During assembly, we compromised the performance of the monopole antenna by coiling it to fit within the plug body. This reduced the RF performance by approximately 10 dB compared to a straight monopole. We considered other options such as running a monopole down the cable or using a chip antenna, but all options required us to place the antenna very close to a ground plane or shield. We estimated that coiling a monopole on top of the PCB in the plug body was easiest and was likely no worse than any other antenna configuration that could be fully concealed.

We installed an open source bootloader in the microcontroller's flash memory. This allows us to modify the application firmware at any time, but a method was needed to reliably activate the bootloader. Our primary method of bootloader activation is a software trigger from the application firmware, but this method can fail if broken firmware is installed. As a more reliable secondary method, we added a magnetic sensor. When TURNIPSCHOOL is plugged in to a host computer while a magnet is held close to the plug, the bootloader is activated.


All three of these tools provide platforms from which to further USB research, experimentation and security. In providing open platforms we encourage others to push these boundaries and share their findings publicly.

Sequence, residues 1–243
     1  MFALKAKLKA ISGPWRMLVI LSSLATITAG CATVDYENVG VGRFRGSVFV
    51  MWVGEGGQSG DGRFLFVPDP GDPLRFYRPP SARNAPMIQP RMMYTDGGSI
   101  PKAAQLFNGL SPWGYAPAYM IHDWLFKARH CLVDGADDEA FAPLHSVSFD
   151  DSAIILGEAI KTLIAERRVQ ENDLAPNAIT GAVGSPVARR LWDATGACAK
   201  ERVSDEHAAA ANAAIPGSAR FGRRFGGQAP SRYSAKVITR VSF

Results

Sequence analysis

Our success with these projects, while still only partial, should serve to motivate others to tackle challenging hardware problems. With careful and deliberate effort and help from the growing community of hardware hackers, functional hardware was produced without the benefit of formal electrical engineering education. All of these systems were produced by a few determined people working across several time zones, and have produced valuable design documentation and code that we hope will serve as a foundation for other projects.

These projects show that the development of such tools is accessible to hobbyists and enthusiasts and does not require the resources of a large government agency.


USBProxy has had contributions from many developers, for which we are very grateful. We would especially like to thank Adam Stasiak and Alexander Holler.

Daisho would not have been possible without the funding made available by the DARPA Cyber Fast Track program. We would like to thank our co-developers, Marshall Hecht, Benjamin Vernoux, and Mike Kershaw.

TURNIPSCHOOL is an original Great Scott Gadgets design which makes use of the software and firmware made available by RfCat. We would like to thank Atlas for the RfCat project and Karoline "Kiki der Gecko" Busse for designing our USB connector mold.



Tags: USB, Packet Sniffer, Open Source, Hardware

Primary Author Name: Dominic Spill Primary Author Email: dominicgs@gmail.com

Additional Author Name: Michael Ossmann Additional Author Affiliation: Great Scott Gadgets Additional Author Email: mike@ossmann.com

Additional Author Name: Jared Boone Additional Author Affiliation: ShareBrained Technology, Inc. Additional Author Email: jared@sharebrained.com

Last updated